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  • Production and Processing - Knowledge of raw materials, production processes, quality control, costs, and other techniques for maximizing the effective manufacture and distribution of goods.
     
    source: Occupational Information Network: Sewing Machine Operators  updated December 2006
     


    Skills
    for Sewing Machine Operators
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  • Monitoring - Monitoring/Assessing performance of yourself, other individuals, or organizations to make improvements or take corrective action.
     
  • Critical Thinking - Using logic and reasoning to identify the strengths and weaknesses of alternative solutions, conclusions or approaches to problems.
     
  • Time Management - Managing one's own time and the time of others.
     
    source: Occupational Information Network: Sewing Machine Operators  updated June 2010
     


    Abilities
    for Sewing Machine Operators
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  • Arm-Hand Steadiness - The ability to keep your hand and arm steady while moving your arm or while holding your arm and hand in one position.
     
  • Control Precision - The ability to quickly and repeatedly adjust the controls of a machine or a vehicle to exact positions.
     
  • Manual Dexterity - The ability to quickly move your hand, your hand together with your arm, or your two hands to grasp, manipulate, or assemble objects.
     
  • Rate Control - The ability to time your movements or the movement of a piece of equipment in anticipation of changes in the speed and/or direction of a moving object or scene.
     
  • Finger Dexterity - The ability to make precisely coordinated movements of the fingers of one or both hands to grasp, manipulate, or assemble very small objects.
     
  • Information Ordering - The ability to arrange things or actions in a certain order or pattern according to a specific rule or set of rules (e.g., patterns of numbers, letters, words, pictures, mathematical operations).
     
  • Near Vision - The ability to see details at close range (within a few feet of the observer).
     
  • Visual Color Discrimination - The ability to match or detect differences between colors, including shades of color and brightness.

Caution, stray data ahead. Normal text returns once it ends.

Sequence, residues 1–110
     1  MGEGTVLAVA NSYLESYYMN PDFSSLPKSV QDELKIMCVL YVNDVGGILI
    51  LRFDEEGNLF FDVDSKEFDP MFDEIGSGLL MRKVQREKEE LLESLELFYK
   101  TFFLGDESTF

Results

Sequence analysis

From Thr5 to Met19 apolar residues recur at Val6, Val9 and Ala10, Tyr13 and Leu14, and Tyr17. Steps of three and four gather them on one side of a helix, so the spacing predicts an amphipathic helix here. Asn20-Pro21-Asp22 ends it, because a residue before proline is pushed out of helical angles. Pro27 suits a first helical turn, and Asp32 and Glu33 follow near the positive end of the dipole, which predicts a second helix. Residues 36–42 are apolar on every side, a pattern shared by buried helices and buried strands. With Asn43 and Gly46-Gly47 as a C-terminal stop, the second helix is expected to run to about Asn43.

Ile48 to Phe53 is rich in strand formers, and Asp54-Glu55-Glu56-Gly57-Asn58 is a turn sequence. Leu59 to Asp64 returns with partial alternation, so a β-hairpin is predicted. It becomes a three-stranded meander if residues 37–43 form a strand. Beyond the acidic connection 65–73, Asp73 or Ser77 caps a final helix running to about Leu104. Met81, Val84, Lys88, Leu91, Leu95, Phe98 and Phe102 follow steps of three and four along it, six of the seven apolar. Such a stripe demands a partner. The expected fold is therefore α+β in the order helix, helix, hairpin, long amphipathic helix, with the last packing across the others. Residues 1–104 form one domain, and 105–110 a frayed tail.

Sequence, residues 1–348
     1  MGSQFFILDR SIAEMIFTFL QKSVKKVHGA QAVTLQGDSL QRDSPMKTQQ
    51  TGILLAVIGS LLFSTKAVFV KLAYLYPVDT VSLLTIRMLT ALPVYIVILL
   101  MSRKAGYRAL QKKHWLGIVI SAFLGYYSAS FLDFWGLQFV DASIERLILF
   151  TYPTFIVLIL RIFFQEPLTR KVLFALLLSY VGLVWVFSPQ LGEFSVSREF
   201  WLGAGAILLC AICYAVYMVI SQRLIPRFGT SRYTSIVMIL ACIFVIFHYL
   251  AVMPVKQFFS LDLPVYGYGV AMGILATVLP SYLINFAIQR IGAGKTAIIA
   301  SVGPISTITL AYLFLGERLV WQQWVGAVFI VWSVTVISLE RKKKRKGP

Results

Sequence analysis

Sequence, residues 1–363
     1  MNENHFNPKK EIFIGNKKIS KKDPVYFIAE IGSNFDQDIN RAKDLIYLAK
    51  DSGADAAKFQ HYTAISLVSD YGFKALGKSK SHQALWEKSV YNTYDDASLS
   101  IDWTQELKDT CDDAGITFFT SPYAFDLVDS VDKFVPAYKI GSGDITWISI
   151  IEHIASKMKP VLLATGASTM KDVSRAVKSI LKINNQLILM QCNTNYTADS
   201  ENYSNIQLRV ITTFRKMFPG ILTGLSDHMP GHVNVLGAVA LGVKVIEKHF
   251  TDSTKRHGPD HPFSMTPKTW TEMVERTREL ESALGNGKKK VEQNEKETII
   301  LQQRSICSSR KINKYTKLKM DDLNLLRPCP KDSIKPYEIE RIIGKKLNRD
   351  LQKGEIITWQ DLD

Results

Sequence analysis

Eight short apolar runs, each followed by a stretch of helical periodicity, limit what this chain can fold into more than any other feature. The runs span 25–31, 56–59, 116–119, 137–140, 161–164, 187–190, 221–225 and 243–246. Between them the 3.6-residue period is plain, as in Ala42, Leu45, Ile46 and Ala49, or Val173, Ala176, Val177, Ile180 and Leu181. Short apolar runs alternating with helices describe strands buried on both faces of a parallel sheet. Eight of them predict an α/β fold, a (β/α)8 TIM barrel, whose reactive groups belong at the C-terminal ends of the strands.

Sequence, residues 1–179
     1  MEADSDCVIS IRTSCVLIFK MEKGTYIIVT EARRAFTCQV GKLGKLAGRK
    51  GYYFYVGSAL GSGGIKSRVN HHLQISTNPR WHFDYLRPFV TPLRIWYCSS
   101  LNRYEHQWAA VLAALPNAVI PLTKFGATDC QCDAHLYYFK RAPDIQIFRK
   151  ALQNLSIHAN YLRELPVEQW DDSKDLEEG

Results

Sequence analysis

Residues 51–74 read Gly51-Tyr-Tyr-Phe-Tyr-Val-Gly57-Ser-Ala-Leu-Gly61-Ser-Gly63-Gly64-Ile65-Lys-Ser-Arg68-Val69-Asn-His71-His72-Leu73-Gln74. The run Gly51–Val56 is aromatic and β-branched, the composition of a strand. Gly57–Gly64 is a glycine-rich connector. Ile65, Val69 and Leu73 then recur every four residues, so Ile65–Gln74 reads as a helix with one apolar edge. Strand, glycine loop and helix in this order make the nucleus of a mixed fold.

• Multilimb Coordination - The ability to coordinate two or more limbs (for example, two arms, two legs, or one leg and one arm) while sitting, standing, or lying down. It does not involve performing the activities while the whole body is in motion.
     
  • Problem Sensitivity - The ability to tell when something is wrong or is likely to go wrong. It does not involve solving the problem, only recognizing there is a problem.
     
    source: Occupational Information Network: Sewing Machine Operators  updated December 2006
     


    Work Activities
    for Sewing Machine Operators
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  • Getting Information - Observing, receiving, and otherwise obtaining information from all relevant sources.
     
  • Controlling Machines and Processes - Using either control mechanisms or direct physical activity to operate machines or processes (not including computers or vehicles).
     
  • Handling and Moving Objects - Using hands and arms in handling, installing, positioning, and moving materials, and manipulating things.
     
  • Inspecting Equipment, Structures, or Material - Inspecting equipment, structures, or materials to identify the cause of errors or other problems or defects.
     
  • Communicating with Supervisors, Peers, or Subordinates - Providing information to supervisors, co-workers, and subordinates by telephone, in written form, e-mail, or in person.
     
    source: Occupational Information Network: Sewing Machine Operators  updated December 2006
     


    Interests
    for Sewing Machine Operators
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  • Realistic - Realistic occupations frequently involve work activities that include practical, hands-on problems and solutions. They often deal with plants, animals, and real-world materials like wood, tools, and machinery. Many of the occupations require working outside, and do not involve a lot of paperwork or working closely with others.